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A family's labor of love was perfect holiday gift
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A family's labor of love was perfect holiday gift

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Tamales and chimichangas are my favorite Mexican foods. Ones that taste anywhere near those in Arizona and New Mexico are hard to find in North Carolina.

When I was substitute teaching at Draper Elementary School in the early 2000s, a student learned of my love for tamales. A few days later, his mother arrived with a container of hot tamales she had just finished making.

Years later, a high school student spoke about working in his family’s restaurant, La Jaliciense, in the stripmall behind Meadow Greens. He told me about their tamales. One day, I stopped by for some. Not only were the tamales great, but the family provided friendly service.

Tamales were the first thing I had the night I arrived in Santa Fe for the Christmas holidays as we stopped and got some “to go” along with some guacamole and chips. They made a great “welcome home” dinner!

My oldest grandson, Jude, and his friend, Desiree, decided to make tamales from scratch so I would not only have the freshest available but could learn how to make my own – a traditional Hispanic combination of her family’s and his Grandmother Pacheco’s recipes.

The night before the big day, Jude cooked a four-pound pork roast in the crockpot. He combined the toasted peppercorns, Mexican oregano, medium-spiced chili, bay leaves, garlic cloves, cumin, salt and pepper and rubbed the mixture into the roast. He then cut the roast into six-eight pieces and seared them. After returning the meat to the crockpot, he added the chicken broth and enough water to cover the meat, and left it to cook overnight.

Shortly after midnight, I awoke to a delicious tamale smell. I could hardly go back to sleep thinking about them.

The next morning, Jude removed the pork and saved the broth before finely shredding the beef. The broth was reserved to use in the chili and the hot masa mix.

When Desiree arrived, she began the overall process: First, she put the corn husks in hot water to soak, and began preparing the chili. She then combined the ingredients to cook about 20 minutes. Once done, she removed the chili pepper tops, blended all the ingredients until they were pourable and ran them through a sieve to remove larger pieces.

To the pan with the onion/chili combination, broth, water, red chili powder and whole red chili pods were added to create the chili base. After blending the concoction, it was combined with the shredded pork and set aside.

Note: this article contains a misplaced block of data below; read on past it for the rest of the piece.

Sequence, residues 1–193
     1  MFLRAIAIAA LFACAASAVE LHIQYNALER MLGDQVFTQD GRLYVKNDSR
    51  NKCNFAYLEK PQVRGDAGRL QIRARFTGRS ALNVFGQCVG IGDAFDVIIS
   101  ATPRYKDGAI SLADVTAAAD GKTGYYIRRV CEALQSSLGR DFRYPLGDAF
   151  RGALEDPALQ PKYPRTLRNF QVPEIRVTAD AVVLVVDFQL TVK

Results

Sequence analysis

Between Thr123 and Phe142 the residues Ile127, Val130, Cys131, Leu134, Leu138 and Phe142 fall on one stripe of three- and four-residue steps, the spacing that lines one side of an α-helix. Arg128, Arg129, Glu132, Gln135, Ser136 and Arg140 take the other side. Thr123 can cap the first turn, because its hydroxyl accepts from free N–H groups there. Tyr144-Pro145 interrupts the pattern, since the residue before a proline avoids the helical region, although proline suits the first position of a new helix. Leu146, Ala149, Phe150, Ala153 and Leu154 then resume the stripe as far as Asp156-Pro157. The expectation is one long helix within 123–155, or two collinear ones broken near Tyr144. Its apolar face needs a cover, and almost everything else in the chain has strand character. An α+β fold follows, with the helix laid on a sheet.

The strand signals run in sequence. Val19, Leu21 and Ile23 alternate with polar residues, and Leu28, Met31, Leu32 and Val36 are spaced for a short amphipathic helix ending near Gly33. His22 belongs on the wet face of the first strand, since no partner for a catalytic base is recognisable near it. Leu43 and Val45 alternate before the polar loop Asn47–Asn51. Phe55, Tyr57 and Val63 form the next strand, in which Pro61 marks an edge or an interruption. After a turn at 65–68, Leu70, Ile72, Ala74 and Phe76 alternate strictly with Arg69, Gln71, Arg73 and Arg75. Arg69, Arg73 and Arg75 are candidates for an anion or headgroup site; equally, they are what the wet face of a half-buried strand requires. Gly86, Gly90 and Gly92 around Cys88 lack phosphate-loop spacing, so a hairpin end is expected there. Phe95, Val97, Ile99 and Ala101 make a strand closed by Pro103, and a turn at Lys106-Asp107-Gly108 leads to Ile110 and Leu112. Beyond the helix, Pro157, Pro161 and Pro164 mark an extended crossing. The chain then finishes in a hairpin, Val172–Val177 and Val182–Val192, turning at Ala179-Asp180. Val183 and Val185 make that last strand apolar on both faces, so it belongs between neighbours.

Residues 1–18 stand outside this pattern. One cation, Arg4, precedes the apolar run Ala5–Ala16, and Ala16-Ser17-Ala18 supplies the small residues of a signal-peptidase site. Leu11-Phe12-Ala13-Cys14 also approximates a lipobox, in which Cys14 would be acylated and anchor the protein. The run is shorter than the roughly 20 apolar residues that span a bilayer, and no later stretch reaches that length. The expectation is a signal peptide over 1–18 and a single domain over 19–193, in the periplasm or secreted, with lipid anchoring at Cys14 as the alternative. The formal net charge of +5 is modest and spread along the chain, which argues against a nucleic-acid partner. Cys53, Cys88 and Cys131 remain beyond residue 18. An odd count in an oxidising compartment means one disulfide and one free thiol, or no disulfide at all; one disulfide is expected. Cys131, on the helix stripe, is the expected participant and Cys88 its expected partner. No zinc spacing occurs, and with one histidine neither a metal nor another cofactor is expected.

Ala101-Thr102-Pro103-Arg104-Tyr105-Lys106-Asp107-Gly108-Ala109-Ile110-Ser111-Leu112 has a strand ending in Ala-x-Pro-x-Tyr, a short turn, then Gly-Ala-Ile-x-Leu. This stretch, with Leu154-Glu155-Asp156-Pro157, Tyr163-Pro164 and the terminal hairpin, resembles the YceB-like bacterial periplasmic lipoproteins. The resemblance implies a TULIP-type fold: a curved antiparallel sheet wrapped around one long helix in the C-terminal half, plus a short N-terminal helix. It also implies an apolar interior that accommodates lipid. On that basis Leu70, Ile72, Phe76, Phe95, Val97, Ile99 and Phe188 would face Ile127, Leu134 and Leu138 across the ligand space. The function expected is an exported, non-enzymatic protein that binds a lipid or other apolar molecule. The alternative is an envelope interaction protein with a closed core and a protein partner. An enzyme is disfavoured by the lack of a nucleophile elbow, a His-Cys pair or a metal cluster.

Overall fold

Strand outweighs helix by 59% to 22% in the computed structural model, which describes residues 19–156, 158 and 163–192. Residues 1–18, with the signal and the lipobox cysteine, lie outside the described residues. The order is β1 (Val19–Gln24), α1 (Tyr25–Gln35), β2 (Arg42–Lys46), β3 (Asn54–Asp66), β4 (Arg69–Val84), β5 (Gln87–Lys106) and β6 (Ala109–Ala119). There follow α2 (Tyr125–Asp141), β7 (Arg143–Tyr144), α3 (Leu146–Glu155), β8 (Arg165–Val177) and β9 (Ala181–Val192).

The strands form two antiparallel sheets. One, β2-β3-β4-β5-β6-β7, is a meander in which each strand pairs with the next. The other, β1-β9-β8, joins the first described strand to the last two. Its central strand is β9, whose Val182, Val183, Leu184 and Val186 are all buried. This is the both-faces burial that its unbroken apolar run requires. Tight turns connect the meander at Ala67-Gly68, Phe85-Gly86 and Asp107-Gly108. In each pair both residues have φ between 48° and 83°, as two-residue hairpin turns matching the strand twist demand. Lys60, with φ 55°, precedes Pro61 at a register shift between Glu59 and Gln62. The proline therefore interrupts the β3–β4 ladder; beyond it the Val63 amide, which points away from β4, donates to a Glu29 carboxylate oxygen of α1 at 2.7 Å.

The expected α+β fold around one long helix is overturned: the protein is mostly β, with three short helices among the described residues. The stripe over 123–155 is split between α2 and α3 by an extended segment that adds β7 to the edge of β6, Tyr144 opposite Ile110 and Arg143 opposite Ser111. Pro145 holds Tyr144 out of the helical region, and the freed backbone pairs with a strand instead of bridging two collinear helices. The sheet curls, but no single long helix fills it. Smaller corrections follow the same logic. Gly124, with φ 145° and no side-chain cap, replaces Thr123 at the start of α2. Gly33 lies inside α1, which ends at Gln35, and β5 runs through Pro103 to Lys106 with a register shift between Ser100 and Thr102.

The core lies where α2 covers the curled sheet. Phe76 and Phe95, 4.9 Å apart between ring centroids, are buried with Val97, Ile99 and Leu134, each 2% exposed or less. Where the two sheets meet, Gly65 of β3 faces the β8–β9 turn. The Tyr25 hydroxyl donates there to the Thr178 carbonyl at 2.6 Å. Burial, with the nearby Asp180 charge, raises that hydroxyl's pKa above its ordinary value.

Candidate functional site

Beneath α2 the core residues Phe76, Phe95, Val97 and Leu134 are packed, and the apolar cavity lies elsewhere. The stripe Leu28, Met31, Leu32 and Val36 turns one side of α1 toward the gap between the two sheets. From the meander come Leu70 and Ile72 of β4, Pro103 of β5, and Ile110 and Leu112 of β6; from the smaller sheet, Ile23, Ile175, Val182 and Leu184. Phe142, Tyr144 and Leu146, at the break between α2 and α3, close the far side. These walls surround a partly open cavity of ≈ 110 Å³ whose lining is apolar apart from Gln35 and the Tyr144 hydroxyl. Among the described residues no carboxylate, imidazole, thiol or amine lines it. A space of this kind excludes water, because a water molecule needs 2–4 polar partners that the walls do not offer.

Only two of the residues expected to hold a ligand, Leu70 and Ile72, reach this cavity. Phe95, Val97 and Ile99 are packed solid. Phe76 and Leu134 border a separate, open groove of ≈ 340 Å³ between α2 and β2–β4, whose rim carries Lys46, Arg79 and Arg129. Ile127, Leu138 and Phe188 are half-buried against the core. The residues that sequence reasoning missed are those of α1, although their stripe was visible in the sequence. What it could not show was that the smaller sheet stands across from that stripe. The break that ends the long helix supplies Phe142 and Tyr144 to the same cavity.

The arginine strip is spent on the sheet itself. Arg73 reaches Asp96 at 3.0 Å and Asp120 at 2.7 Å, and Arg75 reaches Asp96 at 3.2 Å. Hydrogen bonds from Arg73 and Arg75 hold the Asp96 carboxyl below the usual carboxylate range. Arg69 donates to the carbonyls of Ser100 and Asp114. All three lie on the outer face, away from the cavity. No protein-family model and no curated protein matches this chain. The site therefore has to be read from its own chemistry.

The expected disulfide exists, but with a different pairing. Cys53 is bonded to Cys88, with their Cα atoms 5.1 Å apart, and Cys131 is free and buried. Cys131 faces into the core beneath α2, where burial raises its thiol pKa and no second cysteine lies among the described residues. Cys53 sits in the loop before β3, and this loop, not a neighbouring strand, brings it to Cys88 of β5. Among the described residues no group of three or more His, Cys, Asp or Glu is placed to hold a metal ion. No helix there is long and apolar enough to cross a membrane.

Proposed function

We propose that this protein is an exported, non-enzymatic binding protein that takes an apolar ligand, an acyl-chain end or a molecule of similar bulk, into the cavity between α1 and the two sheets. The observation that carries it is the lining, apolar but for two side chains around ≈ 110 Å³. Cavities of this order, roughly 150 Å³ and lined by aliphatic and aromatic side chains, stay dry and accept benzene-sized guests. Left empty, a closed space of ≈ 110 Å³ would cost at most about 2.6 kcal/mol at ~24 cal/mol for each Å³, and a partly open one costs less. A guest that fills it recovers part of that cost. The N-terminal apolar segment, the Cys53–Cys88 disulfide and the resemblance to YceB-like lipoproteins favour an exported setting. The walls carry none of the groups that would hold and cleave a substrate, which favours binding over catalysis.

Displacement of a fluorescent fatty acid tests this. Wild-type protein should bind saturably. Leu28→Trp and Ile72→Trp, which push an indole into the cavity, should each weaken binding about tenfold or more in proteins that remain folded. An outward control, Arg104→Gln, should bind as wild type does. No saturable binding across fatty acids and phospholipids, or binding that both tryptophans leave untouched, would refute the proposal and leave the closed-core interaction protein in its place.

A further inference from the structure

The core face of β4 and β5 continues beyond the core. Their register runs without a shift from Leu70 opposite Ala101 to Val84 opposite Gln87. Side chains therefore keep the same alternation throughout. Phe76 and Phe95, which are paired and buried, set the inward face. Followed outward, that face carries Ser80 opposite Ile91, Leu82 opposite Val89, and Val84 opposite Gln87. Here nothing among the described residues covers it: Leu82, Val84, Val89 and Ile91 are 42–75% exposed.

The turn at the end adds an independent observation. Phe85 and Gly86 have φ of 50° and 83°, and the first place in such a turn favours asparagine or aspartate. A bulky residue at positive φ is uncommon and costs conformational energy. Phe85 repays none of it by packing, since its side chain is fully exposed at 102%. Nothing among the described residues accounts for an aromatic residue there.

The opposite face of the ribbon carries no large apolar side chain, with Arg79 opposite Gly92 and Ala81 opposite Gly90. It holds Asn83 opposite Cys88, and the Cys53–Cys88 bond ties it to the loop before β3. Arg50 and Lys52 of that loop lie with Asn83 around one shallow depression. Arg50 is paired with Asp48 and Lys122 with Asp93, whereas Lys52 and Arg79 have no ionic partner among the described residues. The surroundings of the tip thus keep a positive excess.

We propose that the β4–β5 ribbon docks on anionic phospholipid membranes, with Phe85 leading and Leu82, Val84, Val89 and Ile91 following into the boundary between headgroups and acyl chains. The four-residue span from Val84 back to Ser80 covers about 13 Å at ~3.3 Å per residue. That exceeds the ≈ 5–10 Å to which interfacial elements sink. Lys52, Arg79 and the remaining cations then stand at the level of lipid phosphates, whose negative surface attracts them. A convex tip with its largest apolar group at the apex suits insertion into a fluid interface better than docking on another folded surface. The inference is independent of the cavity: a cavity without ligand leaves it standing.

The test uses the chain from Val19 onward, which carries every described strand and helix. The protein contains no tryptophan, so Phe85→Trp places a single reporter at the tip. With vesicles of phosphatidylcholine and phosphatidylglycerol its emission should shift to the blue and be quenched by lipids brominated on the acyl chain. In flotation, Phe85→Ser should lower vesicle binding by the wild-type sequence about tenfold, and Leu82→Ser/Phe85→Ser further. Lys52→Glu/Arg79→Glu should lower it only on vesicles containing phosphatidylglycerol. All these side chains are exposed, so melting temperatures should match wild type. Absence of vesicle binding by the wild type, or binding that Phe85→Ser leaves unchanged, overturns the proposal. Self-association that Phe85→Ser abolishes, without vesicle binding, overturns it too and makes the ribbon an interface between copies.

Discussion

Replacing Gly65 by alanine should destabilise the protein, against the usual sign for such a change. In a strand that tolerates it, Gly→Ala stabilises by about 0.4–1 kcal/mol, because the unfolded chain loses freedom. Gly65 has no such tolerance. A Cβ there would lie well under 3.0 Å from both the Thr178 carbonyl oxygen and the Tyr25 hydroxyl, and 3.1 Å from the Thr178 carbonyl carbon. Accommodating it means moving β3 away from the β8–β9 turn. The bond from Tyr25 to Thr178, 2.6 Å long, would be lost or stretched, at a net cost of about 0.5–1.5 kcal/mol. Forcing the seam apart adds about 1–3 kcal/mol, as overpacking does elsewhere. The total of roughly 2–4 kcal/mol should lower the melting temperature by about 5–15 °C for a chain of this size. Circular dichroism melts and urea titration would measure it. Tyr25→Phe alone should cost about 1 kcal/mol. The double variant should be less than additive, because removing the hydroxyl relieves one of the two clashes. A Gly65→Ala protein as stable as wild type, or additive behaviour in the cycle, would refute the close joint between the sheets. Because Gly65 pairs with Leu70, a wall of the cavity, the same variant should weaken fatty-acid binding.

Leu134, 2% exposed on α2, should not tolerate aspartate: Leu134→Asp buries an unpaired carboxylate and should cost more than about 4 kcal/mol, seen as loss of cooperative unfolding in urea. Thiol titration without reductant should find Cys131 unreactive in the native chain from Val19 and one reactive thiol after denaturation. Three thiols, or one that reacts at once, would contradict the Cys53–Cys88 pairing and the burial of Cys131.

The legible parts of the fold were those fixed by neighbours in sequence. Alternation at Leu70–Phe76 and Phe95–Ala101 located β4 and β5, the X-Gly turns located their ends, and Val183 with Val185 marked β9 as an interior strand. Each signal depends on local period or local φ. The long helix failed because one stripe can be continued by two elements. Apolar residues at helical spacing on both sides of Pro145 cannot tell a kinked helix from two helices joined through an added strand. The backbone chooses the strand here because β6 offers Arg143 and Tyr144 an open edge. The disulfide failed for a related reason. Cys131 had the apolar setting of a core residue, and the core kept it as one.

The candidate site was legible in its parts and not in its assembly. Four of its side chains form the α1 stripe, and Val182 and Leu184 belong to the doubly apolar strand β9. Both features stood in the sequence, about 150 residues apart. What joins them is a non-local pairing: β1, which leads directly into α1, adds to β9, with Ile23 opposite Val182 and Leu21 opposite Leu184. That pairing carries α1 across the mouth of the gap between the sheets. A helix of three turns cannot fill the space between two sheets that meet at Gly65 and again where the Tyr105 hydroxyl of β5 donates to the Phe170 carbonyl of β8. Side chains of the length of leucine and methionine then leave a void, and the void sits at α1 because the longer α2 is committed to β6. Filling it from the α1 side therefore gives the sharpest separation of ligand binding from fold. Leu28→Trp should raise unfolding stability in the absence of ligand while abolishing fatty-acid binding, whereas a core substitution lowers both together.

In another pan, they sauteed more onions and garlic with the addition of whole blackened red chili pods and chicken broth. Sometimes discussions ensued about the way certain things should be done, with the result often becoming something entirely new. The two were creating their own tamale recipe.

“This looks great,” Desiree said as she stirred the resulting chili mixture, adding for my benefit, “it looks like Sloppy Joes.” Another debate followed about whether it was too hot. I was the taste tester, by the way.

Following the instructions on the package, Desiree prepared the masa, substituting the meat broth for half the required water, and kneaded the dough.

Tamale recipes call for lard and only lard can be used – not shortening like Crisco, but pure lard like my Grandma used to make her delicious homemade biscuits. Lard can be found in the Mexican section at most grocery stores.

The next decision was whether the final product should be more masa (crust) and less meat, vice versa, or half and half. Masa is a flour made from dried corn kernels cooked and soaked in a lime solution. It forms the outer coating for the tamales. Desiree mixed the ingredients with her hands, once more reminding me of my grandmother making biscuits the way she kneaded the dough until it was a sticky consistency.

“Everything goes together,” Jude said, before he poured some chili into the masa mixture to create a burnt orange color for the dough.

Now, came the hard work.

“Tamales are a labor of love,” Desiree said as she cleared an area to put together the tamales, quickly noting, “It is not difficult.”

The soaked corn husks were dried with paper towels and Desiree took one, cut a narrow 1/4-inch strip from it, and put it aside. Then she placed some dough mixture in the middle of the cornhusk, spreading it nearly to the edges. Next, she topped it with some meat mixture before rolling the husk and its ingredients into a neat roll, flipped up one end toward the middle, and secured it with the narrow cornhusk strip.

Jude and Desiree repeated the process until they had made about 40 tamales. After they were finished, the tamales were placed upright in a steamer of boiling water. The heat was reduced to simmer and a lid placed on the pot. They then were simmered for about an hour until they were done.

The best part of the entire process? When we sat down and ate the finished product. A tough couple of days of cooking had produced tamales comparable to any I had ever eaten anywhere!

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